The Isle of Skye turtle fossils discovery
21 November 2008
by Professor Susan Evans, UCL Cell and Developmental Biology
The Middle Jurassic (c. 164 million years ago) is a poorly known period in our knowledge of small animals like mammals, lizards, frogs, salamanders, turtles etc. Britain is actually one of only a few places that has yielded information from this period, and given us much of what we know. UCL has been particularly involved with a locality at Kirtlington in Oxfordshire, but rich though this is, it produces only disarticulated material.
The Middle Jurassic deposits on the Isle of Skye were first recognised by geology field parties from Stowe School in Buckinghamshire. It was Dr Michael Waldman, then of Stowe, who first took me to the locality and asked me to work with him on material he had collected. It was clear that the Skye fossil assemblage was very similar to that of the English localities with an important exception, and that was that rare articulated skeletons came out of Skye. The species name of the new turtle – waldmani – recognises Mike’s contribution.
Cladach-a-Ghlinne is a difficult site to work (you have to walk in through a bog or along a cliff path for about an hour). It is on the coast, with black bone in grey rock that becomes black when wet. Nonetheless, it is very important. For this reason I submitted a proposal, in collaboration with Dr Paul Barrett at the NHM and Dr Jason Hilton, then of the National Museums of Scotland, to National Geographic for funding to take a large field party to Skye with proper equipment (eg cutting tools). The site is protected (SSSM) so we had to get permission (from Scottish Natural Heritage and the John Muir Trust) to work there; we are also restricted to collecting from the beach not the rock face itself.
We went in Spring 2004 for four weeks, taking researchers and students from UCL, NHM, Cambridge, Birmingham and the National Museums of Scotland. The weather was mostly dreadful – sheeting rain and cold. Nonetheless, we had a very successful trip. The turtle material described by Jérémy was all found by my then PhD student, now postdoc, Marc Jones – in a very large boulder. Collecting the specimens from the rock on the last day, in a fierce rainstorm, with the sea up to their knees – needed the heroic efforts of the field crew (I was in the hotel by the fire cataloguing and wrapping specimens), who then had to carry it all the way back to the vehicles.
Bearing in mind the importance of the material, Paul Barrett and I decided that the best option was a focused study as the core of a PhD research project. We chose Jérémy Anquetin as an exceptional candidate and he has spent the last three years working on it. With the help of the preparators at the Natural History Museum, it took more than a year to prepare out. He found that instead of two turtles as we originally thought, there are actually 5-6 specimens. Moreover, they not only have shells – as do many fossil turtles – but also skulls. This is therefore a very important specimen. Once prepared, it then had to be described, interpreted, and compared with the few other turtles of this age that exist around the world.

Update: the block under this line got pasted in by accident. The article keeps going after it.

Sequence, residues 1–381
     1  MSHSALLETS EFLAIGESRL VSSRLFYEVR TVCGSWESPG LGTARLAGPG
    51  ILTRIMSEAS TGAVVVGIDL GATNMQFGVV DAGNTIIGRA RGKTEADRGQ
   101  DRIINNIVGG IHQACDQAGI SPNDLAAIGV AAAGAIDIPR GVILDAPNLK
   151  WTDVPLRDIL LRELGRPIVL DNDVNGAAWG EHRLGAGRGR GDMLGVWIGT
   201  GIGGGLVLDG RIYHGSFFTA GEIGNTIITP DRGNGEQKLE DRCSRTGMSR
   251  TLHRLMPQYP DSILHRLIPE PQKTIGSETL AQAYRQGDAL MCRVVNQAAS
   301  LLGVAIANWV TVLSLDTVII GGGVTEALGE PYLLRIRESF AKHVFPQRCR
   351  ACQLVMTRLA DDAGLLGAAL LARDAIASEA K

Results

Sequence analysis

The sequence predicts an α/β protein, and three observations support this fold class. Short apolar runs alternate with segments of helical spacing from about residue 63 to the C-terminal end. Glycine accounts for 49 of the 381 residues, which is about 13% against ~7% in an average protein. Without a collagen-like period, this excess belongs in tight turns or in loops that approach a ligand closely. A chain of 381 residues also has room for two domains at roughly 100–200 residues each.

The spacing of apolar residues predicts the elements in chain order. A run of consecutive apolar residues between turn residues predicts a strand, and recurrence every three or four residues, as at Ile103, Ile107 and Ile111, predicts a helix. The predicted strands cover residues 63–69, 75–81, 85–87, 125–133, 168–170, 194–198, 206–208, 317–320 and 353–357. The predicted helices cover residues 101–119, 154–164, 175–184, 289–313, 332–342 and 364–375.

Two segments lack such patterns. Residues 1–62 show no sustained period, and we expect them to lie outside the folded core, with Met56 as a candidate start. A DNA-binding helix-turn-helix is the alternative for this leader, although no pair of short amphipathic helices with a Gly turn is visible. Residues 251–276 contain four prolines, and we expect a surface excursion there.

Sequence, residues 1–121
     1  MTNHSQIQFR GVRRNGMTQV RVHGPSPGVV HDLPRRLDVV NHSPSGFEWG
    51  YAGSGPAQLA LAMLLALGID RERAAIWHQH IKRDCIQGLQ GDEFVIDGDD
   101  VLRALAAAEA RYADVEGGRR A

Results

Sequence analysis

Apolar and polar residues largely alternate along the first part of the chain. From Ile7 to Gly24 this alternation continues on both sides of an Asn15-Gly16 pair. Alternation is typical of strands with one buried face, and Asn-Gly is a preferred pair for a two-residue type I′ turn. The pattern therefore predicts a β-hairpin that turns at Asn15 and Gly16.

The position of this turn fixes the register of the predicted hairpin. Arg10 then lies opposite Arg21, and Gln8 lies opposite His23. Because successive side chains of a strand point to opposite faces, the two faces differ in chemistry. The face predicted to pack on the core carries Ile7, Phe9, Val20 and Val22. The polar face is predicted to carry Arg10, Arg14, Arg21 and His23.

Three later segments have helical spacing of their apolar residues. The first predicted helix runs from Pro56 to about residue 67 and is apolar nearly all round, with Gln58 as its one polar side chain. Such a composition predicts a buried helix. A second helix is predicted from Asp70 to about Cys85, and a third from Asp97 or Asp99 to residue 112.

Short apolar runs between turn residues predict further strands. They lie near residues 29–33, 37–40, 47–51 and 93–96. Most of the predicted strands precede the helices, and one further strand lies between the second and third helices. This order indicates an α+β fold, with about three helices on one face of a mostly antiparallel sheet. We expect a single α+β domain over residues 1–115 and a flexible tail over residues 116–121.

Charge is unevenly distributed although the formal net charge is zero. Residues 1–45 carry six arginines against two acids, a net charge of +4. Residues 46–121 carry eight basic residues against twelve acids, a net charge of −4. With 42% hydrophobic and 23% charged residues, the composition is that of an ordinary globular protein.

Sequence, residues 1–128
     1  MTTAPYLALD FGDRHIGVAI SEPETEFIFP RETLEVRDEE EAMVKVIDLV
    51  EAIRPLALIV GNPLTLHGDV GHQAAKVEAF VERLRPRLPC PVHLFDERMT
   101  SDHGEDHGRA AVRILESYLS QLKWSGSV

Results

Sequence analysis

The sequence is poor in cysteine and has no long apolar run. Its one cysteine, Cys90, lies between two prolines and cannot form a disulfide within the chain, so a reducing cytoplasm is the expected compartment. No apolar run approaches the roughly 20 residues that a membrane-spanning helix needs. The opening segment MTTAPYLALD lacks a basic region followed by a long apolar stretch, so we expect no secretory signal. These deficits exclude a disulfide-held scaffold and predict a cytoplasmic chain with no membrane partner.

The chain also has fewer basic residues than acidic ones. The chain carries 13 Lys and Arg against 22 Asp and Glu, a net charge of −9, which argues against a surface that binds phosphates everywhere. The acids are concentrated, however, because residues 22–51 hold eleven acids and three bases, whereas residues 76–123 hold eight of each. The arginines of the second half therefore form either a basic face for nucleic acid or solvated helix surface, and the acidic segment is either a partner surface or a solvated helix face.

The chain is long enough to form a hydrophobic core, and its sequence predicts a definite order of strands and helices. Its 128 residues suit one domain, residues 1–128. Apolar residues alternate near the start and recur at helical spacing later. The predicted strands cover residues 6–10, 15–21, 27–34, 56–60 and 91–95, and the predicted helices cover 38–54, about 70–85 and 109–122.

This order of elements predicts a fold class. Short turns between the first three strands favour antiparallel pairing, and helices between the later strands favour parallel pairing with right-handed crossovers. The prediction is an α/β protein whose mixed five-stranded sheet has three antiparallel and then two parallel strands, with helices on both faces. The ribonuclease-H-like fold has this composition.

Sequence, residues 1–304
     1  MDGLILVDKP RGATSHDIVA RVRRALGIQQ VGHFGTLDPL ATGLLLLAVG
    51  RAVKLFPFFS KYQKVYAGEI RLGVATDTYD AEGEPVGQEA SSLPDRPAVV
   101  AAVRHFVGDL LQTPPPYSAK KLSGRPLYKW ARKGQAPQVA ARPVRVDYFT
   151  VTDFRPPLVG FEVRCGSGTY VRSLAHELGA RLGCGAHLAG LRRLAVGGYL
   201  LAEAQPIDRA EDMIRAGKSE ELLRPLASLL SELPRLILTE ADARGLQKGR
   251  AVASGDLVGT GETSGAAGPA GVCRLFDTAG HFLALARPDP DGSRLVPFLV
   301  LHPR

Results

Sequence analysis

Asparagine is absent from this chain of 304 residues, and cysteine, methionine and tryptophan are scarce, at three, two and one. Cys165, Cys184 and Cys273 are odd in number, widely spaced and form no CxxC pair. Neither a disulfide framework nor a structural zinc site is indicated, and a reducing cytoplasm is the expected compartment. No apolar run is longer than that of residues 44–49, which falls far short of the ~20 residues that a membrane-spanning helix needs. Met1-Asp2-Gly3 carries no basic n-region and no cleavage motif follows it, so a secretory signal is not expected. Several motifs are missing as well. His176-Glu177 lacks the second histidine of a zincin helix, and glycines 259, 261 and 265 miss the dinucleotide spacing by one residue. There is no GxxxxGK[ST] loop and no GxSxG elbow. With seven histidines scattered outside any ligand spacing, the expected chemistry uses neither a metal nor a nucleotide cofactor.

The turtle is shown to be a basal form that provides information about the transition in, for example, skull structure. However, as the Skye fossil assemblage is that of a freshwater lagoonal community (including salamanders, aquatic reptiles, fish), the turtle also provides the first confirmed record of an aquatic lifestyle for this group (a lifestyle that is now very common).
Jérémy is currently in France – finishing his thesis and doing some university teaching, while enjoying his newborn baby daughter. Other material from the Cladach-a-Ghlinne locality is under study at UCL and the NHM, and we are continuing to monitor the locality to check for new rock falls onto the beach.
However, this is only one of many projects in our lab. We are currently working on fossil material from China, Japan, Australia, America, New Zealand and other parts of Europe, as well as collaborating with colleagues at the universities of Hull and York on biomechanical modelling of reptile skulls (BBSRC funded) in order to understand their structural evolution.
(Click here to read the UCL news article 'Jurassic turtles could swim' from 19 November.)